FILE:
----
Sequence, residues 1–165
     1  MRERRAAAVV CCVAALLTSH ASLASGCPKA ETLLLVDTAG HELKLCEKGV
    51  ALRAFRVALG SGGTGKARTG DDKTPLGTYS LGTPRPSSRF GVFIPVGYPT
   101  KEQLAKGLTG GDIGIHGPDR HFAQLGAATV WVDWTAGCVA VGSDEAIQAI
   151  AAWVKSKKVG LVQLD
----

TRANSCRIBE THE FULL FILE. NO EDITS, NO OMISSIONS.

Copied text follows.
Sequence, residues 1–165
     1  MRERRAAAVV CCVAALLTSH ASLASGCPKA ETLLLVDTAG HELKLCEKGV
    51  ALRAFRVALG SGGTGKARTG DDKTPLGTYS LGTPRPSSRF GVFIPVGYPT
   101  KEQLAKGLTG GDIGIHGPDR HFAQLGAATV WVDWTAGCVA VGSDEAIQAI
   151  AAWVKSKKVG LVQLD